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NEWS | Nov. 3, 2008

CAFB Airmen speed delivery of lifesaving medicine

By Master Sgt. Jeff Loftin 379th Air Expeditionary Wing Public Affairs

Airmen are deployed across the world to work together with other Airmen and other military services where they are needed most. Regardless of job or location, Charleston Airmen are in the fight, too.

Coordination and hustle between several American military agencies here enabled a lifesaving package to reach an Iraqi snakebite victim and save a life Oct. 15 here.

The Army Medical Materiel Center Southwest Asia staff received an urgent request for anti-venom to help a young Iraqi woman who was in critical condition, and the staff immediately turned to members of the 8th Expeditionary Air Mobility Squadron for help.

"We have a very strong partnership with the 8 EAMS and we simply could not do our mission without their assistance," said Army Maj. Jennifer Allouche, the chief of support operations at the center. "I know that when I call the 8 EAMS team for assistance, they will make it happen 100 percent of the time. They have never said no or told me they could not support our requirement."

Master Sgt. Todd Lunge, the 8 EAMS superintendent of air freight, received the call and immediately started checking flight schedules to get the package to Baghdad right away.

"Right after the call from Major Allouche, I started calling those I knew would be involved and telling them to be ready," he said.

The cargo arrived within two hours and Airmen from 8 EAMS special handling processed the package and got it ready for shipment in 15 minutes.

"Whenever the mission is ready, we process it in the system so we have visibility over it and we can track it all the way to its destination," said Staff Sgt. Richard Nedrow, the NCO in charge of special handling deployed from the 437th Aerial Port Squadron at Charleston AFB. "[On this package] we had to make sure the temperature was maintained, which is hard out here because it is so hot. We have to keep it below certain limits. We store it [in refrigerated rooms] until it gets ready to ship out. We track the ice times to make sure the ice is good."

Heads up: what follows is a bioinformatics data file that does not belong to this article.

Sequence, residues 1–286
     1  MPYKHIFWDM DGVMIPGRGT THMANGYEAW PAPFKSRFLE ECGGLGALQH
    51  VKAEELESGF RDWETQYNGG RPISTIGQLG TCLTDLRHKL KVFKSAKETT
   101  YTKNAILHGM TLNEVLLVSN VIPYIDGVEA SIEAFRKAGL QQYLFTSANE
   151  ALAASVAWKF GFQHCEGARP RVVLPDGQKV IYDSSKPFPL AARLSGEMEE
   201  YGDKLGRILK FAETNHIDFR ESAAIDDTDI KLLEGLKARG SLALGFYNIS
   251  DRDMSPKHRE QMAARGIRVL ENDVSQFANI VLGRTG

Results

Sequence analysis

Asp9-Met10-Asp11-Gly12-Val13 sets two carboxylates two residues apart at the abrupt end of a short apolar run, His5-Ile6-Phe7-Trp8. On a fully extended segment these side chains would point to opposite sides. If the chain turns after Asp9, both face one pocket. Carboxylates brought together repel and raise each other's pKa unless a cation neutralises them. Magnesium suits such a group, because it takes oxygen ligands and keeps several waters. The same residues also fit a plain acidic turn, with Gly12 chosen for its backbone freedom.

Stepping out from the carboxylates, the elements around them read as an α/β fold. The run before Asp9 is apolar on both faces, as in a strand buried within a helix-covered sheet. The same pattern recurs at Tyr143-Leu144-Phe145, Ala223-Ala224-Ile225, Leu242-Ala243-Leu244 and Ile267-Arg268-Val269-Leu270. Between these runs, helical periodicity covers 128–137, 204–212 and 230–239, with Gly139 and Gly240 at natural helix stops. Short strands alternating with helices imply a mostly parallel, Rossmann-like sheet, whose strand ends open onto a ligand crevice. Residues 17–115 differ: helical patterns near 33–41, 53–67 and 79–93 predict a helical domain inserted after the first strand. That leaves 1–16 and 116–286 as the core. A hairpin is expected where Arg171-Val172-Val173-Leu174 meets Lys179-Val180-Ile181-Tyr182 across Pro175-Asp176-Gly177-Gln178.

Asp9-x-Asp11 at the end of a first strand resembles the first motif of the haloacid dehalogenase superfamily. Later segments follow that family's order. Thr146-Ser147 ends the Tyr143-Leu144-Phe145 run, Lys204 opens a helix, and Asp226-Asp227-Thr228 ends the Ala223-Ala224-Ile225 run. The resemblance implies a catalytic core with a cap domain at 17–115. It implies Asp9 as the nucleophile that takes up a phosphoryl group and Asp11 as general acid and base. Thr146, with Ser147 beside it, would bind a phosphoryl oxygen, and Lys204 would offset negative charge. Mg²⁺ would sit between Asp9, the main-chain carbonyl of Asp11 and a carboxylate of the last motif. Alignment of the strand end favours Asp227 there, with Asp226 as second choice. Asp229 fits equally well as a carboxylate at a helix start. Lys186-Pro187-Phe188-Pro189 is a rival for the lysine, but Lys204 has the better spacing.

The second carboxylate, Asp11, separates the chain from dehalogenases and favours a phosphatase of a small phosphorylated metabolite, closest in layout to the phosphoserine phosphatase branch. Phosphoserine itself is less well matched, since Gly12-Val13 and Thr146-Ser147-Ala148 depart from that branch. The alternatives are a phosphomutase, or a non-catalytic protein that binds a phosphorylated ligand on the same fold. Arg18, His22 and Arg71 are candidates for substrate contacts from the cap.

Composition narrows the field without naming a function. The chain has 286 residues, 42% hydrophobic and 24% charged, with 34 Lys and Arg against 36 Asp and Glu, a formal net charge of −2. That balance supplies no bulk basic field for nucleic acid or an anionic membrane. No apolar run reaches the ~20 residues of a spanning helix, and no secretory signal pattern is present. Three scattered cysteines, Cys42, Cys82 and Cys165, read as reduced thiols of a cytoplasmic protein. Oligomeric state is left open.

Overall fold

Sergeant Lunge found a C-130 Hercules mission that could take the package to Baghdad less than two hours after it arrived on base. However, after 1.5 hours the Air Terminal Operations Center staff notified 8 EAMS members that a maintenance problem would delay the flight until the evening.

"When the C-130 broke, they said it would be another hour before they would know if it could take off, so I started looking for another mission," said the native of Buffalo, N.Y.

He found a C-17 mission leaving in 10 minutes that wasn't scheduled to take cargo.

Capt. Keith Grawert, a C-17 pilot with the 816th Expeditionary Airlift Squadron deployed from the 15th Airlift Squadron at Charleston AFB, got the call and made the decision to hold the aircraft to wait for the lifesaving package.

"All we were told was that it was a 'life-or-death' shipment of cargo," Captain Grawert said. "It's not every day that we hear those words, so it seemed like a straightforward decision to go ahead and wait for it. The interesting thing about airlift is that one never knows for sure what impact a particular mission may have on someone's life regardless of how routine it may seem to us."

The aircraft taxied away as soon as the package was on board. As soon as the aircraft was airborne, Sergeant Lunge contacted the Combined Air and Space Operations Center staff, which coordinated with other agencies in Baghdad to pick up the package and deliver it to its final destination.

The anti-venom arrived and was administered in time to help the snakebite victim, who improved during the next few days.

The box of anti-venom was one of four life-or-death deliveries the 8 EAMS has handled in the past five months.

"Without immediate resupply of the items to the hospital, patients' lives were at risk," Major Allouche said. "This is incredible support that no commercial carrier could provide to our organization."

Army Lt. Col. Sam Haddad of the Army Medical Materiel Center Southwest Asia said the strong relationship with the 8 EAMS Airmen ensures mission success daily.

"They are our muscle and provide USAMMC-SWA with a strategic lift capability unmatched by any of our logistics partners," he said. "The service they provide for us is nothing less than phenomenal and plays a vital role in ensuring lifesaving materiel gets into the hands of those who need it."